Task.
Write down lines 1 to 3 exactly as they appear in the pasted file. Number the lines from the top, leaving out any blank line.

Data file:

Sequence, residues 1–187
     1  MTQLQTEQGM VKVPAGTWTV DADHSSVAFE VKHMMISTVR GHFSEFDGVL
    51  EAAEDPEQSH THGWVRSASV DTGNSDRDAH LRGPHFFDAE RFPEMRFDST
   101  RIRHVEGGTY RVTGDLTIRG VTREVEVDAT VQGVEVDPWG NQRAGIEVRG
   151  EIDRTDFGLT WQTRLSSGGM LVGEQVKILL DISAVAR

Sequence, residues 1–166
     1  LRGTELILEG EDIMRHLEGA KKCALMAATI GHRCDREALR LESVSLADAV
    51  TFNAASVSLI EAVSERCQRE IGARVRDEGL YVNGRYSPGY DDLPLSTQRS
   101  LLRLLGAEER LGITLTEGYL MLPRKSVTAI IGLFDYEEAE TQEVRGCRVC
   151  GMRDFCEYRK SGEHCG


Sequence, residues 1–187
     1  MTQLQTEQGM VKVPAGTWTV DADHSSVAFE VKHMMISTVR GHFSEFDGVL
    51  EAAEDPEQSH THGWVRSASV DTGNSDRDAH LRGPHFFDAE RFPEMRFDST